As Reid writes, other countries have made it work with many different kinds of healthcare providers — doctors can work directly for the government, as in the U.K., or not, as in most other rich countries. Hospitals can be for-profit or not. But no one has been able to create a viable system of universal healthcare based on citizens being forced to help insurance companies make a profit.
Moreover, the political ramifications of non-profit healthcare financing go far beyond making it feasible to have a strong individual mandate to buy insurance. It also is a key reason why such systems have much lower costs: “When Aetna or WellPoint declines to pay for a drug or a procedure, the money saved goes to enhance the insurer’s profit, not to pay for another person’s treatment,” Reid points out. “So people are less willing to tolerate cost controls.”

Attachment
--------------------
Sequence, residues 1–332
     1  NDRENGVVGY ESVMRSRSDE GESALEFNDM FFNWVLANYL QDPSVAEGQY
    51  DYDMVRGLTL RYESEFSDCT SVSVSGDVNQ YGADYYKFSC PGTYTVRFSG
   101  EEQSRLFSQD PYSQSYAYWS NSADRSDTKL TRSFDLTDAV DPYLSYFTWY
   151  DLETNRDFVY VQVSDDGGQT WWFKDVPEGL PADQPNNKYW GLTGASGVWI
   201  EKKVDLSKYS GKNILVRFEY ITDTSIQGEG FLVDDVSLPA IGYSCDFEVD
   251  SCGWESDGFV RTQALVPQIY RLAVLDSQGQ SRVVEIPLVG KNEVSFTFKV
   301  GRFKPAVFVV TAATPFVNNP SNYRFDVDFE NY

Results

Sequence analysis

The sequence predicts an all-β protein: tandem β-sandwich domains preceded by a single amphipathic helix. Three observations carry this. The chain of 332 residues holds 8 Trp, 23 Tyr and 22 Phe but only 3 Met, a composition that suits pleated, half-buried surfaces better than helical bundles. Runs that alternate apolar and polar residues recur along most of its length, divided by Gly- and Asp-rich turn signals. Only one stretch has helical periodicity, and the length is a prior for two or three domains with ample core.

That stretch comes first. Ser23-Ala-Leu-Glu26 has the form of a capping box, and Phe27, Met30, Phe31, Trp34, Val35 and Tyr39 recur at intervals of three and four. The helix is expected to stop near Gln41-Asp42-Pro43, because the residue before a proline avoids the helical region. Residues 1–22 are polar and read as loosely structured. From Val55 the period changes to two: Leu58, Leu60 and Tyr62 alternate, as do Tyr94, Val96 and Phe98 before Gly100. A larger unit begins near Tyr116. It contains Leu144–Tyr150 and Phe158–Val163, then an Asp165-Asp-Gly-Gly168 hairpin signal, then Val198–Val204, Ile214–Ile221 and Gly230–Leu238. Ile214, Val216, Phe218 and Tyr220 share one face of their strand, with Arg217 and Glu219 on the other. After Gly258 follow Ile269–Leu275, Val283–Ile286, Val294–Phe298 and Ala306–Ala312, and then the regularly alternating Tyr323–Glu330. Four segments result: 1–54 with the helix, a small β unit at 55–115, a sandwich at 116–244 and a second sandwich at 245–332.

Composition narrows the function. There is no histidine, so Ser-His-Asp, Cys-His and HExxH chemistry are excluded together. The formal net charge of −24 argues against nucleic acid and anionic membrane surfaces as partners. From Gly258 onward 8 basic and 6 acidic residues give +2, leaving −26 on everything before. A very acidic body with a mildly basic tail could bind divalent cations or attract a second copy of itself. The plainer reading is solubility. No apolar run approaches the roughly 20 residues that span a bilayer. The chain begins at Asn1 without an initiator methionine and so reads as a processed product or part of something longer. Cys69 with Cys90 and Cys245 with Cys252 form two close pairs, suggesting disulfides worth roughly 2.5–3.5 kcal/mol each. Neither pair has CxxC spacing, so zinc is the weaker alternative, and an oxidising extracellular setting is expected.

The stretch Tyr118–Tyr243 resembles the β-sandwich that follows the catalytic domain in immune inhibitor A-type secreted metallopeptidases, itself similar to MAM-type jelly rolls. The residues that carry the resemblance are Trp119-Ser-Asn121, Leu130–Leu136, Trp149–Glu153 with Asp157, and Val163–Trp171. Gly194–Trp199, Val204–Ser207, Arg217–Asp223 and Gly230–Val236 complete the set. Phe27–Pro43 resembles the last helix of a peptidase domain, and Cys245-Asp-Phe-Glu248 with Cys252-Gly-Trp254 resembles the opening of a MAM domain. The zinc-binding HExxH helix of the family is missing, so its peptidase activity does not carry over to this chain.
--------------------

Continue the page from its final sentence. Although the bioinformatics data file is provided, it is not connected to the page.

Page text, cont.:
So either Obamacare will include a universally-available, non-profit public option — which in turn would likely eventually become the only option — or it will eventually expire. There is no third way.
Healthcare is all about profits in the United States and accounts for 17.5% of GDP which is 2-3x higher than other countries that offer it FOR FREE to its citizens. If our government was paying for people’s healthcare we’d be able to get a handle on costs. The current system is only seeing costs go up by astronical amounts each year.
It’s time for the US to start seeing if it can mimic other countries’ healthcare models. The argument that the US offers the best healthcare in the world means nothing when the average lifespan in the US is far lower than all other advanced countries. When the people cannot afford proper healthcare, they die younger.